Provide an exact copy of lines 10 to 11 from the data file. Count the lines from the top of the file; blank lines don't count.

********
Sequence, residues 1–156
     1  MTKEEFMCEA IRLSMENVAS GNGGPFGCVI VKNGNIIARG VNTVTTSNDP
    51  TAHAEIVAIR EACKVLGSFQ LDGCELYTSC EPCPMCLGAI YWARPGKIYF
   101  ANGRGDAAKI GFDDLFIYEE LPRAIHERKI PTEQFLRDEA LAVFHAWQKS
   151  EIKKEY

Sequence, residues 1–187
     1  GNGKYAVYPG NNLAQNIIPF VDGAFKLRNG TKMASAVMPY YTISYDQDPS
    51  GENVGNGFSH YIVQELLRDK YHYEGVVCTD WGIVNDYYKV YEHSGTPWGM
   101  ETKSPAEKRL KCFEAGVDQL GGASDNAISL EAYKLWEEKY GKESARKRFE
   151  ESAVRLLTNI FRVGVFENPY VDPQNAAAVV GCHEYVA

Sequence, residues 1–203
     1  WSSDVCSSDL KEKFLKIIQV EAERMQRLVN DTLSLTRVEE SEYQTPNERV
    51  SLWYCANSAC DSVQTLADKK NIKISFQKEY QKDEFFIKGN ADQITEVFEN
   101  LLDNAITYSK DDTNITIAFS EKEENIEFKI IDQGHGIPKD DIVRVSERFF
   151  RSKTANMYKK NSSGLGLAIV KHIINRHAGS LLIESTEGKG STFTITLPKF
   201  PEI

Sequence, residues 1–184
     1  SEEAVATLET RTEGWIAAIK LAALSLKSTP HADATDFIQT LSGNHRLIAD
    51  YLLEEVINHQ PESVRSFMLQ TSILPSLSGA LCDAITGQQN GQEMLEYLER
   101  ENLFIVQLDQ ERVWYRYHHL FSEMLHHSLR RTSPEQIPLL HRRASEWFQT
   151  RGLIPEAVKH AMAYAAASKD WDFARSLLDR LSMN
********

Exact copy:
   151  ESAVRLLTNI FRVGVFENPY VDPQNAAAVV GCHEYVA

Sequence, residues 1–203